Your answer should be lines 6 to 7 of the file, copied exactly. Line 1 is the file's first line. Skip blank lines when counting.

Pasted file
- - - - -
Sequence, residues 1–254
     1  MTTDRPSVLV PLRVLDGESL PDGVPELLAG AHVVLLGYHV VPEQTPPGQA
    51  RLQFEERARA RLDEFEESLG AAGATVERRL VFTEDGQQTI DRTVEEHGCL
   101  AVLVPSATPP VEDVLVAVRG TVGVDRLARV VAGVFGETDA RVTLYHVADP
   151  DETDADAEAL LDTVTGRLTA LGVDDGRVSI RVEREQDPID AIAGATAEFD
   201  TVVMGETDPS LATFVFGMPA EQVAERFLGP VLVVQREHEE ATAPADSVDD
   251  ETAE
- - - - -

   201  TVVMGETDPS LATFVFGMPA EQVAERFLGP VLVVQREHEE ATAPADSVDD
   251  ETAE